It’s a bit daunting to think that fire seasons like what we had this year are expected to occur more frequently as the planet continues to warm. Climate scientists predict increased summer temperatures and drier conditions which will bring more fire and bigger fire events, continuing a trend of longer fire seasons, and an increase in fire activity and size happening since the 1970s. As the climate warms, some areas may not be able to sustain their current forest cover, leading to an altered suite of flora and fauna.
Still, there is a lot we can do. Along with agency, industry, and conservation partners, Conservation Northwest’s Forest Field Program is working hard to advance policies and actions, so when these fires come, our forests are resilient and able to withstand the fire and vigorously recover. At the same time, forests restored to more resilient condition provide better habitat, and reduce risks to human communities and values. Our objective is to restore forest structure and spatial patterns, so that fires generally burn with the intensity and pattern under which the forests and wildlife have evolved over millennia, and fire managers have safer working conditions.
The starting point is landscape evaluations to understand current conditions and strategically prioritize restoration actions in the portion of the landscape that has departed from historic conditions due to decades of fire suppression and old-growth logging.
The result is projects like the Mission Restoration Project, covering a 50,000 acre landscape outside of Twisp, Washington. Here, with guidance from us and support from our local forest collaborative, the Okanogan-Wenatchee National Forest has proposed conducting 11,000 acres of prescribed fire, 8,000 acres of non-commercial thinning, a couple thousand acres of commercial thinning, and decommissioning 30-50 miles of unnecessary roads. We’re involved in similar restoration projects underway near Lake Wenatchee and in the Kettle Range.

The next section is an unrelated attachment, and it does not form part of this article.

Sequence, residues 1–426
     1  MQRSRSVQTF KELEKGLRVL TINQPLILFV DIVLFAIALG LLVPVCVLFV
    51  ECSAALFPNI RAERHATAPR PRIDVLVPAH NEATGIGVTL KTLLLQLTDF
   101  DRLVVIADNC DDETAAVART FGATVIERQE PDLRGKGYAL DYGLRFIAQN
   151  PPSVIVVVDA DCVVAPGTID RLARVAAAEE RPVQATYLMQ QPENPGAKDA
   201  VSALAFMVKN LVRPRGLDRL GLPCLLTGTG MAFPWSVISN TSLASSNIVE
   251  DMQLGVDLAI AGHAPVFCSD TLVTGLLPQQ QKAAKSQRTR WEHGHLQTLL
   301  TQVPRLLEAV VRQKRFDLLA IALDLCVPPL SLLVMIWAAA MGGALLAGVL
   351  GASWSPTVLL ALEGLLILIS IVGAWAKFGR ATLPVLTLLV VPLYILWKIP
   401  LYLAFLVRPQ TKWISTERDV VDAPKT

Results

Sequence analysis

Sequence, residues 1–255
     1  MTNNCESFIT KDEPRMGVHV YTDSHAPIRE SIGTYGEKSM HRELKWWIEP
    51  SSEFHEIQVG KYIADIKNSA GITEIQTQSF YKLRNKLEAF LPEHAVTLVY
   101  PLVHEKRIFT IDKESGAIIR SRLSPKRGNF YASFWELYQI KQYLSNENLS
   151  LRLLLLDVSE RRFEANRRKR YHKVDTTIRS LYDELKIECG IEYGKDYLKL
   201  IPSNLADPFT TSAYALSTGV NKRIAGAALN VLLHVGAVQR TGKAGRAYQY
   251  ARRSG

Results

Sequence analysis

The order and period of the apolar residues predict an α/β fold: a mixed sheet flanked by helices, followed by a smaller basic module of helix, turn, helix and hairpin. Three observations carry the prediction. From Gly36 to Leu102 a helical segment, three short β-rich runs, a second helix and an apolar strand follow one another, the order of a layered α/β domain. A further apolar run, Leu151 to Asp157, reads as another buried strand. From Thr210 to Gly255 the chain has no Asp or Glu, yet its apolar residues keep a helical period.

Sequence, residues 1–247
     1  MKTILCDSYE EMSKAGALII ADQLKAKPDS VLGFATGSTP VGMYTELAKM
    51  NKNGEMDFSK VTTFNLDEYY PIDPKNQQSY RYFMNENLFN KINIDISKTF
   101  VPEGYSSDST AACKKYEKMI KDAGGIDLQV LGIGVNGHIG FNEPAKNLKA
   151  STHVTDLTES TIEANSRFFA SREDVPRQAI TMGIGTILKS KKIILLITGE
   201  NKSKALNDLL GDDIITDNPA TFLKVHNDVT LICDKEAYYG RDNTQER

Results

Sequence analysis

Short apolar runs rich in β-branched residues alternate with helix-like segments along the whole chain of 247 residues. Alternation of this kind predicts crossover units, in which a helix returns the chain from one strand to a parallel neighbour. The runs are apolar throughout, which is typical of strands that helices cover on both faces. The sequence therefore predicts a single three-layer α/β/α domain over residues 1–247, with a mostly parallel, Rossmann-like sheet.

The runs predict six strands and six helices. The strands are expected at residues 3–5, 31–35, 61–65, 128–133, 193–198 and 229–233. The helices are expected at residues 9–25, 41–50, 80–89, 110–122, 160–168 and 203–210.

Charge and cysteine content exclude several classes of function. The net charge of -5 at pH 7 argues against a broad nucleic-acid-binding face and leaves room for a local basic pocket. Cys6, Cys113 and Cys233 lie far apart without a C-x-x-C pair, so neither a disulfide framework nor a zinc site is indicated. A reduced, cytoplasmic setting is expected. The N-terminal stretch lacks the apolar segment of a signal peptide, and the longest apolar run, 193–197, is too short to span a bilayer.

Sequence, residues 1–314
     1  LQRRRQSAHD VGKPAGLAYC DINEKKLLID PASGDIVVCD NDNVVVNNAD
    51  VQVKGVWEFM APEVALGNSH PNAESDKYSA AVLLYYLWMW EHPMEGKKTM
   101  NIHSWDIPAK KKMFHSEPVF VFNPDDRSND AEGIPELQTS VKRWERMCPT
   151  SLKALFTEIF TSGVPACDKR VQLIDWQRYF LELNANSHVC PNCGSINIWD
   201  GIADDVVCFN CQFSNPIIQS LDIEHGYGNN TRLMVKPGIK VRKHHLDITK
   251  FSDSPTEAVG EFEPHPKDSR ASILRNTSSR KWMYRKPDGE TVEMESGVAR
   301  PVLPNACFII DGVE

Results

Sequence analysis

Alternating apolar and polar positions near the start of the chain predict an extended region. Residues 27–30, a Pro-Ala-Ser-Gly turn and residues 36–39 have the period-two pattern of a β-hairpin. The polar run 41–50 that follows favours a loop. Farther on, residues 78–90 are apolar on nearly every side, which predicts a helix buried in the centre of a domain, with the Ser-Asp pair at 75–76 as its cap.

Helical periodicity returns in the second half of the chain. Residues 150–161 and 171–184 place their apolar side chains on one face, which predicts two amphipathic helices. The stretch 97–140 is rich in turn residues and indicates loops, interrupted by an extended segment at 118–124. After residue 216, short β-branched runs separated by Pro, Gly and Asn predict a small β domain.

However, there are threats to this progress and the collaborative relationships that make it possible. As predictable as the summer drought and seasonal fires are the opportunistic politicians that appear during fires, maneuvering for regulatory changes to make national forests easier to log. They’re mostly missing the point.
To get meaningful results, we need intelligent and thoughtful actions that are grounded in science, strategically prioritized, and focused on restoring fire, landscape spatial patterns, and older fire-resilient trees. Sure, commercial thinning that supports local mills and restoration jobs has a key role, but aggressive logging solely to extract timber value across huge areas won’t prevent fires – just ask British Columbia.
Last weekend my family and I visited Tiffany Lake west of Loomis State Forest, a botanical area that burned a decade ago in the Tripod Fire. It is lush with flowers turned to seed and berry, young lodgepole and spruce seedlings reaching skyward, and a mosaic of burned and unburned overstory. There are pikas, chipmunks, Douglas squirrels, and tons of birds. In a few more years, it’ll probably be prime Canada lynx habitat full of snowshoe hares.
If there is a lesson from Tiffany Lake, it’s that we need to take the long view, continuing collaborative ecological restoration to improve forest and landscape resilience to broadly accommodate and benefit from fire. Doing so will serve the long-term interests of people, wildlife, and the forests of the Pacific Northwest.